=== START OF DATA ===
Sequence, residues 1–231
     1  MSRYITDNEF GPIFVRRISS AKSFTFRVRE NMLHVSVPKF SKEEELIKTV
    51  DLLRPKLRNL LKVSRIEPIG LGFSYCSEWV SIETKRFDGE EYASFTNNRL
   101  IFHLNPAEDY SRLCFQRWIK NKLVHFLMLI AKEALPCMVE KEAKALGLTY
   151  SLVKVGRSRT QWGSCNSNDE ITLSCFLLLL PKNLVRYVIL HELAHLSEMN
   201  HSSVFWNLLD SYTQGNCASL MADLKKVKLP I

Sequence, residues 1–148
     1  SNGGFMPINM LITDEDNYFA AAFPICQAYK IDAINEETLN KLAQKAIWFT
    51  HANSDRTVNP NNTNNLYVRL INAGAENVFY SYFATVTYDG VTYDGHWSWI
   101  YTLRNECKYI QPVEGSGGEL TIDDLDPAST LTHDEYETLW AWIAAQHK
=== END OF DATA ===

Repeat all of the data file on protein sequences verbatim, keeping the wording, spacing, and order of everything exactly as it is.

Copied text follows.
Sequence, residues 1–231
     1  MSRYITDNEF GPIFVRRISS AKSFTFRVRE NMLHVSVPKF SKEEELIKTV
    51  DLLRPKLRNL LKVSRIEPIG LGFSYCSEWV SIETKRFDGE EYASFTNNRL
   101  IFHLNPAEDY SRLCFQRWIK NKLVHFLMLI AKEALPCMVE KEAKALGLTY
   151  SLVKVGRSRT QWGSCNSNDE ITLSCFLLLL PKNLVRYVIL HELAHLSEMN
   201  HSSVFWNLLD SYTQGNCASL MADLKKVKLP I

Sequence, residues 1–148
     1  SNGGFMPINM LITDEDNYFA AAFPICQAYK IDAINEETLN KLAQKAIWFT
    51  HANSDRTVNP NNTNNLYVRL INAGAENVFY SYFATVTYDG VTYDGHWSWI
   101  YTLRNECKYI QPVEGSGGEL TIDDLDPAST LTHDEYETLW AWIAAQHK